Kyrgyzstan is a mountainous and landlocked country situated in Central Asia. The recorded history of the country dates back to 2,000 years ago, and a large number of empires have ruled over the region and contributed to the cultural diversity of Kyrgyzstan. The country served as the crossroad between several cultures of the past and was part of the ancient Silk Route. Kyrgyzstan was ruled for a long period by a number of clans and tribes and on several occasions came under the domination of foreign powers. The country was part of the Soviet Union and attained independence only in 1991.
After independence, Kyrgyzstan has been a unitary parliamentary democracy. Ethnic Kyrgyz is the major ethnic group in the country and has a population of about 5.7 million people. Uzbeks and Russians are the biggest minority group in the country. The ethnic composition of the population of Kyrgyzstan influences the linguistic diversity of the language.
Official Languages Of Kyrgyzstan
Russian and Kyrgyz are the two official languages of Kyrgyzstan. It is one of the two former Soviet republics located in Central Asia to continue using Russian as the official language of Kyrgyzstan. After the independence of the country, Kyrgyz was designated as a second official language on September 1991.
In Kyrgyzstan, Russian is the chief language to carry out business and political affairs. Though Kyrgyz was originally only spoken in homes across the country and rarely used in government proceedings, today the language of Kyrgyzstan is spoken during most parliamentary meetings in the country. Interpretations for those not speaking Kyrgyz are also arranged during such meetings.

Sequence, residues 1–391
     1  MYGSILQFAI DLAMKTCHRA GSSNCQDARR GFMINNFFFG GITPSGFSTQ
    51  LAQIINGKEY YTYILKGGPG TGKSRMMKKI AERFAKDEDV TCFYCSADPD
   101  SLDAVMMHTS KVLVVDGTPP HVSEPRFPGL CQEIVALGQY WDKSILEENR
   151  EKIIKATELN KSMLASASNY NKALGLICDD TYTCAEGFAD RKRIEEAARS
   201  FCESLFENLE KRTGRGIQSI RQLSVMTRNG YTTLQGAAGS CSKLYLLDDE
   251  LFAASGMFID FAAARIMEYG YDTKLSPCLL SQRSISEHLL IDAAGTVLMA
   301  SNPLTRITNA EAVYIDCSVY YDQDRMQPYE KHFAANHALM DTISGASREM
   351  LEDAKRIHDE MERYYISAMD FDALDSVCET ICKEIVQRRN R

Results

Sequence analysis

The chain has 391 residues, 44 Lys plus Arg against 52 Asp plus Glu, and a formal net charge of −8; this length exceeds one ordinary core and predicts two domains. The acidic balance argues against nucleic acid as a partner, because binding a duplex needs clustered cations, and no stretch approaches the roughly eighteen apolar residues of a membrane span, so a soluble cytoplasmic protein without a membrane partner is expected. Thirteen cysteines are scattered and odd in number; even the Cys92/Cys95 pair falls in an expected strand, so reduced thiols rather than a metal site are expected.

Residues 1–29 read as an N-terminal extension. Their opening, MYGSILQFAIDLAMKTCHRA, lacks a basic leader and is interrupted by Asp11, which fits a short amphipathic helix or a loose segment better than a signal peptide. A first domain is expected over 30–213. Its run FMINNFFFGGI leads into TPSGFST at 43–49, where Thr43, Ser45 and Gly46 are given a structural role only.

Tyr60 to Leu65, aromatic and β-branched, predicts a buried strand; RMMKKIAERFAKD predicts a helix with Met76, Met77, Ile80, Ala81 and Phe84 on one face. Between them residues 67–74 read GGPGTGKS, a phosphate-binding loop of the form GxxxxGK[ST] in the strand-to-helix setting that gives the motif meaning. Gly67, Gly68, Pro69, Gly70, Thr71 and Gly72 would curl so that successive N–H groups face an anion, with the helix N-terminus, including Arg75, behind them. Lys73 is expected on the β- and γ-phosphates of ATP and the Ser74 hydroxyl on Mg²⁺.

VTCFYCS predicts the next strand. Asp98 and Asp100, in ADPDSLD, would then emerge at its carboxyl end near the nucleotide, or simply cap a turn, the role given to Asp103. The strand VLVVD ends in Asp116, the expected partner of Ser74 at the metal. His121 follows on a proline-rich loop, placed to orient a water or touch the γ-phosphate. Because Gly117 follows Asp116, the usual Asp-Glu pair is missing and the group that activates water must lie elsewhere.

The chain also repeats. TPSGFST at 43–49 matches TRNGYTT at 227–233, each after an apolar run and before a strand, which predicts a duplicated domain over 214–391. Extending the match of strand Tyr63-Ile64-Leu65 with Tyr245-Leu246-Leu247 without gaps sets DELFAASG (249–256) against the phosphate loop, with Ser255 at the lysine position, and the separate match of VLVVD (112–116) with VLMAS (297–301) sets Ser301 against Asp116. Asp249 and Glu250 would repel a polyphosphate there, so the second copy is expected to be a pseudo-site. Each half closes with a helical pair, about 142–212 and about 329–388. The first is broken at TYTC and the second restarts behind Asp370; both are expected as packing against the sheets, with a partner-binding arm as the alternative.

According to the 2009 census, Kyrgyz is spoken by 4.1 million people in Kyrgyzstan and Russian is spoken by 2.5 million people in the country.
The Indigenous Languages Of Kyrgyzstan
Kyrgyz is the most widely spoken language in Kyrgyzstan. The language is a Turkic language belonging to the Kipchak branch. Kyrgyz is related to Nogay Tatar, Karakalpak, and Kazakh. Till the 20th century, Kyrgyz was written using the Latin script. However, Stalin mandated the replacement of Arabic with the Cyrillic script in 1941. After the country’s independence, there was a certain demand of replacing the Cyrillic alphabet with the Latin alphabet but the plan is yet to be implemented. Kyrgyzstan has 3,830,556 native Kyrgyz speakers and 271,187 second-language speakers.
Uzbek is a Turkic language that is primarily spoken by the population of Uzbekistan. The language is also popular in Kyrgyzstan where it is spoken by about 772,561 native speakers and 97,753 second-language speakers.
European Languages Spoken In Kyrgyzstan
English, French, and German are spoken by small populations of Kyrgyzstan, primarily as a second language. English is spoken by 28,416, French by 641 and German by only 10 individuals residing in the country as a second language.